In the previous study, we developed a draft taxonomy of 59 key features based on a literature review and a thematic analyses method . We performed a national Delphi study as a first step to deriving an operational consensus about our taxonomy. Continuing this line of research, for this current study, we developed two international Delphi studies to investigate the appropriateness of the taxonomy to achieve integrated primary care (see Fig. 1). First, the appropriateness of the original 59 key features was assessed by a panel of international experts. Second, another panel of international experts assessed the categorisation of the key features and their distribution across the domains of the RMIC. Finally, a consensus-based taxonomy was developed by using the results of all three Delphi studies (the previous Delphi study and the international Delphi studies presented in this article).
Delphi consensus process
Two separate modified Delphi studies were conducted to: 1) investigate the appropriateness of the key features and, 2) test the categorisation across the domains of the RMIC. The modified Delphi methodology is a research technique designed to obtain opinions from experts through the use of a self-administrated questionnaire (Round 1) and of a physical meeting of experts (Round 2) to discuss the ratings of Round 1 . Given the polymorphous nature of integrated care , the physical meetings enabled the experts to clarify each other’s perspectives on integrated care .
Selection of participants
For each international Delphi study, a purposive sampling strategy was used to identify experts with experience in practice, science or policy in the deployment of integrated service models in a primary care setting. Potential experts were nominated using the following criteria: 1) scientific (performing research) experience and/or 2) practical (working in a professional or service organisation) experience regarding the organisation of integrated primary care. We attempted to balance the number of potential experts from each category in order to ensure each was represented in both studies. We did not include experts with an explicit policy or insurance background or patients in order to minimalize conflict of interest during the face-to-face meeting of the second Delphi round . For example, the presence of policymaker or health insures could influence the (strategic) behaviour of the practice experts, as they are (financially) dependent of these stakeholders for the continuity of their practices. Experts who met the selection criteria were e-mailed an invitation with information on the research aims and details of the Delphi study. Only those who agreed to participate in both the initial online self-administrated questionnaire and the second face-to-face meeting were included. Experts who already participated within one of the previous Delphi studies were excluded.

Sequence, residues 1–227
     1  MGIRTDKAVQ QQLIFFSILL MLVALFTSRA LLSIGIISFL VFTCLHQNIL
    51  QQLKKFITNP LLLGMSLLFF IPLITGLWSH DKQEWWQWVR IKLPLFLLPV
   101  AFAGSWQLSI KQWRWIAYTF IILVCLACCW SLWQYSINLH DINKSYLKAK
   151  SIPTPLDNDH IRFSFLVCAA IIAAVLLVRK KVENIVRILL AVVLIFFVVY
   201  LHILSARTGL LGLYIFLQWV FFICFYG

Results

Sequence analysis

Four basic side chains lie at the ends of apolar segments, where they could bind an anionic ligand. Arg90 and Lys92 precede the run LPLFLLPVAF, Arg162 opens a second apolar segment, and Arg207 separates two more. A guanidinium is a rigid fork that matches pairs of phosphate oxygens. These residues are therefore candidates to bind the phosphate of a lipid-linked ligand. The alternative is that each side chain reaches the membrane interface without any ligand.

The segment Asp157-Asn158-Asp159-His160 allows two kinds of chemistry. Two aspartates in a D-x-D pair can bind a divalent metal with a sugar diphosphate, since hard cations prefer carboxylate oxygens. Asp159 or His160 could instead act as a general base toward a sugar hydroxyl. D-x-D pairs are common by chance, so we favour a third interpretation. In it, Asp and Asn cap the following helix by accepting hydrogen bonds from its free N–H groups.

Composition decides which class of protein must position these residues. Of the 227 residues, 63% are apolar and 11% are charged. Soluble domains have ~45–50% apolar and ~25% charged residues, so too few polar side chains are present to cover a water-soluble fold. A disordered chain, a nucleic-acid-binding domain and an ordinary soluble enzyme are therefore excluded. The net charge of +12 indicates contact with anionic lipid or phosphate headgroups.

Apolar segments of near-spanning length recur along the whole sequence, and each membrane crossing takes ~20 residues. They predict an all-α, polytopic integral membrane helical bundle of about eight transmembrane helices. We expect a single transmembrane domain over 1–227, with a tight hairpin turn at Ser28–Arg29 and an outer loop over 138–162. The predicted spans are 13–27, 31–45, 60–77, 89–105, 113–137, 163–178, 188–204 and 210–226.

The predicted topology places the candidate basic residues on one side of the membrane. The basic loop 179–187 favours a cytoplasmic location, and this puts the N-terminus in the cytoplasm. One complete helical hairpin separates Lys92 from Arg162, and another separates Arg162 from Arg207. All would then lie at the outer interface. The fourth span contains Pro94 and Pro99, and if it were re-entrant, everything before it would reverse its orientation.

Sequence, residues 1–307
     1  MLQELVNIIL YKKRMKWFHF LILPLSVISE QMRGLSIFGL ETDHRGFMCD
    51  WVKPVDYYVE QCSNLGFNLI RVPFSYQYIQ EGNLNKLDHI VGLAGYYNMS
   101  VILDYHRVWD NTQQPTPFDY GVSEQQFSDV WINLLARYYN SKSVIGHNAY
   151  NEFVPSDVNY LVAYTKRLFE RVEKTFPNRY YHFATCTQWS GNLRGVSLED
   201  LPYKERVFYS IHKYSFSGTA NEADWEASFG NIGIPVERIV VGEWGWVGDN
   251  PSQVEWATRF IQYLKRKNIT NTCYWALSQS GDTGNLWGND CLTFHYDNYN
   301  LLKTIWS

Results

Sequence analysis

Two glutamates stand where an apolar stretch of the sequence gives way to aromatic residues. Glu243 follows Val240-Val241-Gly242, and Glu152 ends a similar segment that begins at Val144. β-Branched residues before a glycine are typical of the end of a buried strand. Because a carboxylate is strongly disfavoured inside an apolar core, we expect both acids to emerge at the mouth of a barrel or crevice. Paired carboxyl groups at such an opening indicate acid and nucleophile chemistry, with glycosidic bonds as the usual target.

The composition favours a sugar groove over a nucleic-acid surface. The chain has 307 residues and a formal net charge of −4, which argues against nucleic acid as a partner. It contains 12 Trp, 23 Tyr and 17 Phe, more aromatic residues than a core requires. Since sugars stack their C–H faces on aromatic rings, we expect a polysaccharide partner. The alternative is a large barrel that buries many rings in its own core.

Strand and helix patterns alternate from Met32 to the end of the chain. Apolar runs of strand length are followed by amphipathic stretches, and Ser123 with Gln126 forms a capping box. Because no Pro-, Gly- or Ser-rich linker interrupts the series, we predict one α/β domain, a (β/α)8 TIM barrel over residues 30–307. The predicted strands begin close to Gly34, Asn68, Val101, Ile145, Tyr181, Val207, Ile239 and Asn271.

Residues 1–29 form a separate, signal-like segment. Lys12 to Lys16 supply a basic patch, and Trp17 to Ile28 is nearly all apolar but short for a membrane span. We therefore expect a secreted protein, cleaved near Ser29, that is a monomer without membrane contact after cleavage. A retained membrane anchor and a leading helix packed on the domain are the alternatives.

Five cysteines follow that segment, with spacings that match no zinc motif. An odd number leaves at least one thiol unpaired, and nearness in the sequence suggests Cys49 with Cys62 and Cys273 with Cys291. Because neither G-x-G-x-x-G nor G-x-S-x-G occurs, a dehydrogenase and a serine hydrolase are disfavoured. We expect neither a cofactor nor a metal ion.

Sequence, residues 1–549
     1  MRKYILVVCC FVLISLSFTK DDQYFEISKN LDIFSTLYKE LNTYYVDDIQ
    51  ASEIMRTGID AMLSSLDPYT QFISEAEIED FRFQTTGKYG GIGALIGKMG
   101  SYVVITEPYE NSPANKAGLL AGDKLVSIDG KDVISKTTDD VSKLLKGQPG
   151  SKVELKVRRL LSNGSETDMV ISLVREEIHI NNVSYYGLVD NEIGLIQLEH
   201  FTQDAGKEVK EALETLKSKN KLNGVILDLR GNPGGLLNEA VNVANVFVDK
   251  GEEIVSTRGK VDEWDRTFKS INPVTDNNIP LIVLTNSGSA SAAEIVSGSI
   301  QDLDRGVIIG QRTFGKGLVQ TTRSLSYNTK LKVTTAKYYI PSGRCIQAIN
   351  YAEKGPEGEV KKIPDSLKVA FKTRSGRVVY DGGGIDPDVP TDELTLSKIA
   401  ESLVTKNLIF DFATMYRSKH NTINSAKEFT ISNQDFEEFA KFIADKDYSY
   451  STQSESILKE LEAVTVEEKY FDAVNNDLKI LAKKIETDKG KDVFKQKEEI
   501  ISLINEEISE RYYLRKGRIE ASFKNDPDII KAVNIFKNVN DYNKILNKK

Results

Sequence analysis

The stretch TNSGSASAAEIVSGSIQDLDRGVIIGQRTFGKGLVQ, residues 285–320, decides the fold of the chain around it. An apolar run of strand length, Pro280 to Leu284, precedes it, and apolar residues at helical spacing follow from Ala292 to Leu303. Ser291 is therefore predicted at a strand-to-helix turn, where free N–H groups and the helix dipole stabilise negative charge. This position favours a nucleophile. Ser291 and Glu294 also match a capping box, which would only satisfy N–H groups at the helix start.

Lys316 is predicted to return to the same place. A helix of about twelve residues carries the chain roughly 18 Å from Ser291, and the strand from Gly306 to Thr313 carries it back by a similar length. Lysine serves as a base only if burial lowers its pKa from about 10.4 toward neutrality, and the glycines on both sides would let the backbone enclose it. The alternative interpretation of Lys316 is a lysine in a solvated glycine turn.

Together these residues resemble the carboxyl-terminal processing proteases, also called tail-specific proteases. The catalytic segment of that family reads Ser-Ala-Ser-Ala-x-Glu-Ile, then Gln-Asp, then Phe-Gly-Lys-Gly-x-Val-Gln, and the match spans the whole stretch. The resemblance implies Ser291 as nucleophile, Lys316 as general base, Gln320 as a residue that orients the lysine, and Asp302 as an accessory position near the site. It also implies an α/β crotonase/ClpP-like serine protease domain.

Delphi study 1
The first international Delphi study was conducted to test the appropriateness of the 59 features at an international level in order to augment the research we conducted on the appropriateness of the features in the previous national Delphi study. Thirty-seven international experts from an a priori list of participants of the World Congress on Integrated Care (2013) in Singapore  were approached by e-mail and invited to participate. During Round 1, the experts received a link to an online questionnaire. They were asked to rate the appropriateness of each feature to achieve integrated primary care on a nine-point Likert-scale, ranging from 1 (completely irrelevant) to 9 (extremely relevant). Experts were asked to comment on any of the features, to suggest possible rephrasing and to highlight any features that may have been missed in the initial list. Two e-mail reminders were sent to non-responders.
In Round 2, a face-to-face meeting of the expert panel took place during the World Congress on Integrated Care. The meeting was chaired by one member of the research team (HV). The goal of the meeting was to discuss the results of Round 1 and, after the discussion, to reassess the value of the appropriateness of the features to achieve integrated primary care. Based on the results of Round 1, a summary report was provided to the experts at the meeting with the following key feedback information for each feature: 1) respondents’ own ratings, 2) median agreement rating, 3) summary of qualitative comments, and 4) whether a consensus was achieved at Round 1. Because of time, during the second round, we decided to only discuss the features that were not considered appropriate in the first round.